Robert Crimo Highland Park shooter threatened to kill family with knives 3 yrs ago but was nevertheless still able to legally purchase up to 5 guns less than two years later.
Getting your hands on weapons is a very simple affair… even if you have previously threatened to harm or kill.
Robert Crimo, the 22-year-old man charged with killing seven in the July 4 mass shooting in Highland Park, threatened to ‘kill everyone’ in his home with a ‘collection of knives’ 3 years before allegedly going on his shooting rampage.
Officials revealed in a press conference on Tuesday afternoon that police were called to Crimo’s home in April 2019 after receiving a report that he had attempted suicide a week earlier.
Officers spoke to Crimo and his parents, but the matter was handled by mental-health professionals at the time, said Lake County Major Crime Task Force spokesman Christopher Covelli at a news conference.
‘There was no law-enforcement action to be taken. It was a mental-health issue handled by those professionals,’ Covelli said.
How was troubled teen legally still able to purchase guns?
A few months later, in September 2019, a concerned family member then reported to cops that Crimo had made deadly threats against his relatives, Covelli said.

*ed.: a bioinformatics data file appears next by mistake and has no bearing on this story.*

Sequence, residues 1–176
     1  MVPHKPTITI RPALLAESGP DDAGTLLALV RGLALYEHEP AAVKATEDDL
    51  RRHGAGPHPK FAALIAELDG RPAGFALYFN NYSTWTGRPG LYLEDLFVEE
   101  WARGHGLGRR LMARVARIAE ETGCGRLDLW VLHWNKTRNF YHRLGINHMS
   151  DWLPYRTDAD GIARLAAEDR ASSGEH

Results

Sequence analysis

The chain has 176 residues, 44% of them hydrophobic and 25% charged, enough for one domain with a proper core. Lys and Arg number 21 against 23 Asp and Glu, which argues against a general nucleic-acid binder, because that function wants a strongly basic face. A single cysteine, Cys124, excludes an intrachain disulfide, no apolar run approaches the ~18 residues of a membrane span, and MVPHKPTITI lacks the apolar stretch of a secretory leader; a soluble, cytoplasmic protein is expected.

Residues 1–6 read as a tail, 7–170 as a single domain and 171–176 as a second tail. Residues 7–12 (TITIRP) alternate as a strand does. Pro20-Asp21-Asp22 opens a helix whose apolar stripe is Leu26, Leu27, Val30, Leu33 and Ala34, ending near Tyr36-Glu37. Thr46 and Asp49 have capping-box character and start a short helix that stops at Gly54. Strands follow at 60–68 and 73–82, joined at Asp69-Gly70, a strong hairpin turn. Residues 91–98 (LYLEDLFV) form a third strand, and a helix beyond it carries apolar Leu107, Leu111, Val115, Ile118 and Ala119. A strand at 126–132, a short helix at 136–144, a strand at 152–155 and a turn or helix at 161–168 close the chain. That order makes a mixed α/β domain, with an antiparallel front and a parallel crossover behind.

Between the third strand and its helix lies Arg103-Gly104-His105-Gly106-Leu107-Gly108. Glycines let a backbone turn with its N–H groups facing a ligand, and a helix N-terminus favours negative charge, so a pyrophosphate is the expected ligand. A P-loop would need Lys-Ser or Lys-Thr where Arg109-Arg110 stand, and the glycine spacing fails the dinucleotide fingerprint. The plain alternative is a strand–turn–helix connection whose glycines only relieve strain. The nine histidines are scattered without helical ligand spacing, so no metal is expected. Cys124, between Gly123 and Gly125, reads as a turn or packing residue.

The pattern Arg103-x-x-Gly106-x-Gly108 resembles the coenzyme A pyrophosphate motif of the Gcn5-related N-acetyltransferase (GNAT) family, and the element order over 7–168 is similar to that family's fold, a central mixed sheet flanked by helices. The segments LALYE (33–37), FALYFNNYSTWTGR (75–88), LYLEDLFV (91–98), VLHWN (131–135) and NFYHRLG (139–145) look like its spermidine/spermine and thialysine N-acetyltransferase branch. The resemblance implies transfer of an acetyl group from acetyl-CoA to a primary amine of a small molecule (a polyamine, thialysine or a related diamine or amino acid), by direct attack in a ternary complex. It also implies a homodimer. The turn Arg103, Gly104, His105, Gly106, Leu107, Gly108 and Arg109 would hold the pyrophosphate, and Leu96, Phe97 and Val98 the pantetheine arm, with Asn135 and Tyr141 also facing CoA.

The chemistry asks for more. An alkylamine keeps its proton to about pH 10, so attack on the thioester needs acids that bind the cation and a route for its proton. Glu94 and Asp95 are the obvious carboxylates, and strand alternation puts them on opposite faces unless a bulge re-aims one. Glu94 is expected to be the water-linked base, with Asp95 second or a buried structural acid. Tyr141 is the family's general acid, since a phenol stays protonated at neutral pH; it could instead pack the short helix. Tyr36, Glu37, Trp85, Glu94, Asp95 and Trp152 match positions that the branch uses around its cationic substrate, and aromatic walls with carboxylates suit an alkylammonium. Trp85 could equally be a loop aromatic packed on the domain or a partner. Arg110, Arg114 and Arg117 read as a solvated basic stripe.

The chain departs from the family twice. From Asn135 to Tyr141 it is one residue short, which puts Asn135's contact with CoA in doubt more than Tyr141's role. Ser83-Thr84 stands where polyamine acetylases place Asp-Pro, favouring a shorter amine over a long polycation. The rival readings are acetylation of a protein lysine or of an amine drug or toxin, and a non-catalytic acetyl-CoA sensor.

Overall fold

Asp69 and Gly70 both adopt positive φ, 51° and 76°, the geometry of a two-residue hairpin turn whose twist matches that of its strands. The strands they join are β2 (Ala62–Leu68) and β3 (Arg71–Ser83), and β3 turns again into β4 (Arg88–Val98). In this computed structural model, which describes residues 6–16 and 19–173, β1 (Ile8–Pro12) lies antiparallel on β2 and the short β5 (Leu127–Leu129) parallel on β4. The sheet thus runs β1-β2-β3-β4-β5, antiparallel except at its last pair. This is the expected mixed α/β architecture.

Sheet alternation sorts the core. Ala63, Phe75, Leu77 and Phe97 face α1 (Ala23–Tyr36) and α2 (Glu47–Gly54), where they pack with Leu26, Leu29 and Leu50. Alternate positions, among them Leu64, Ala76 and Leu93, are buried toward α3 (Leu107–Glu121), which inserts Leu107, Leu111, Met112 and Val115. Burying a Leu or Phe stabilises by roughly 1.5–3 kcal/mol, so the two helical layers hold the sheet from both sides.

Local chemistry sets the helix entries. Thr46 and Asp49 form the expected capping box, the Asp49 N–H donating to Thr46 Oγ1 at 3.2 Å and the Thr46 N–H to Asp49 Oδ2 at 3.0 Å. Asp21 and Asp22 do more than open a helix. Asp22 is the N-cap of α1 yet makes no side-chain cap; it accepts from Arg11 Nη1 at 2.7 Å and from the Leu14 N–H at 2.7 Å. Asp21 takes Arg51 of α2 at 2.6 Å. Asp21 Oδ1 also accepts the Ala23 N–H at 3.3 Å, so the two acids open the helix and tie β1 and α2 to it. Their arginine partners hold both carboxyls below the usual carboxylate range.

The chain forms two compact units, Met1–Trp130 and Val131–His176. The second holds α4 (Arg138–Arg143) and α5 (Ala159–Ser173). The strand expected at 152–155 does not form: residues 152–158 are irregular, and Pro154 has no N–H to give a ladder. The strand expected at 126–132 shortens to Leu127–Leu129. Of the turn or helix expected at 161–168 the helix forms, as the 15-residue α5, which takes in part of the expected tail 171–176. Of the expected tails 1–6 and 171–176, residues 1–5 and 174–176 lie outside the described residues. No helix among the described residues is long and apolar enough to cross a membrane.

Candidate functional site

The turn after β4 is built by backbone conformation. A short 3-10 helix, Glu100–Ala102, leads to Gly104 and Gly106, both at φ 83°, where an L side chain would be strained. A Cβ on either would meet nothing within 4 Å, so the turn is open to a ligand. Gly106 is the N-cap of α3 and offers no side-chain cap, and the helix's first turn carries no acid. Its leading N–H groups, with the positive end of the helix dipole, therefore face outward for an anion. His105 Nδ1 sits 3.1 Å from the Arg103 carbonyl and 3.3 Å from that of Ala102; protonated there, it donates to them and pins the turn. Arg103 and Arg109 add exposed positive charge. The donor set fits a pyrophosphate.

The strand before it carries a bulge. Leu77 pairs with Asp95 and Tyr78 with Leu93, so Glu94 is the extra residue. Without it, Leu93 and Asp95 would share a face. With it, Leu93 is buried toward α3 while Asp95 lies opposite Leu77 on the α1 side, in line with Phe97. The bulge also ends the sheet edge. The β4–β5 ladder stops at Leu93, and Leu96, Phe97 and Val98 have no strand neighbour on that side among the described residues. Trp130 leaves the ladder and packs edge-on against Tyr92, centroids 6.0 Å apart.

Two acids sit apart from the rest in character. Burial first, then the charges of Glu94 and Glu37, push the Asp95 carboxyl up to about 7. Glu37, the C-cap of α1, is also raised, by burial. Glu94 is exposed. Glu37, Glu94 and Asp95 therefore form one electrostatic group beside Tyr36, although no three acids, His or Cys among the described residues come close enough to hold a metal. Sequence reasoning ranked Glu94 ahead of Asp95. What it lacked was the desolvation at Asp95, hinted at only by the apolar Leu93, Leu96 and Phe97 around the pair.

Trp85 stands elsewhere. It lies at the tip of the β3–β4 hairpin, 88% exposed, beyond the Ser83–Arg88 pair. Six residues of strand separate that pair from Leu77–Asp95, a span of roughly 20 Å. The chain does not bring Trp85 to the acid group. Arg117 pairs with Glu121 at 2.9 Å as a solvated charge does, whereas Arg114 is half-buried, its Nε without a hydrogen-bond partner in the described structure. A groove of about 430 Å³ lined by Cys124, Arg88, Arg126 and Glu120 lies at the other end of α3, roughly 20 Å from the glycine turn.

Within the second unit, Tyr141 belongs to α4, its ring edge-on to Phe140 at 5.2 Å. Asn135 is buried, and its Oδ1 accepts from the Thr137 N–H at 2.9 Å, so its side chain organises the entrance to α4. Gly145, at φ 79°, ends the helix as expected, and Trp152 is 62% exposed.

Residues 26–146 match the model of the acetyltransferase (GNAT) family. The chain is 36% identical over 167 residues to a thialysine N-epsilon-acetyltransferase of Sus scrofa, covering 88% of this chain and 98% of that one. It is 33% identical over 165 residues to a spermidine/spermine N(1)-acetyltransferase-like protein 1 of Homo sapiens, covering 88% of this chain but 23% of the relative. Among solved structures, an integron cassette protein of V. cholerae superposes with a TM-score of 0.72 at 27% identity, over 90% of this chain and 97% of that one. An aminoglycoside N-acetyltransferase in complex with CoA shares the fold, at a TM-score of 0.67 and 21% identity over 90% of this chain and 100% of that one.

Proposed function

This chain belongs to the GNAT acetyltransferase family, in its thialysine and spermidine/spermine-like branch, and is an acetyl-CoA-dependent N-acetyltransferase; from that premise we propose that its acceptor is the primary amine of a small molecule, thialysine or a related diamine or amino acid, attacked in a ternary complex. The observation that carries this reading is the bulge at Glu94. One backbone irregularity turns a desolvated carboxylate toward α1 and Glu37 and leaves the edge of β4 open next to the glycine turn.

‘A family member reported that Crimo said he was going to kill everyone and Crimo had a collection of knives,’ Covelli said. ‘The police responded to his residence. The police removed 16 knives, a dagger and a sword from Crimo’s home.’
There was no probable cause to arrest Crimo at the time because none of his relatives signed complaints regarding the incident, according to Covelli.
Authorities said Crimo was legally able to purchased at least five firearms — including the AR-15-style rifle he allegedly used in Monday’s massacre — despite the two interactions with law enforcement in 2019.
Covelli said the suspect’s stash of firearms were purchased by him in 2020 and 2021 — after the 2019 incident in which his knives were seized.
Cops immediately notified Illinois State Police in the wake of the knife incident, but the agency said Crimo didn’t have a firearm-owner’s identification card at the time that could be revoked or reviewed.
Illinois enacted a ‘red-flag law’ — the Firearms Restraining Order Act – in 2019 which allows family members to apply for a court order so that authorities can confiscate weapons from those deemed to be dangerous.
But despite the law being in place for two years, officials said it is rarely utilized the nypost reported.
Illinois State Rep. Denyse Wang Stoneback sponsored legislation just last month to try and help educate residents on how they can use it.
The disclosure to harm family members led to a flurry of comments, including this one below which caught this author’s eye:
‘Why aren’t any of the agencies reporting people like Crimo who publicly threaten them selves and others to the NCIS? He and the others like him are clearly mental defectives who shouldn’t ever pass a background check for a firearm.’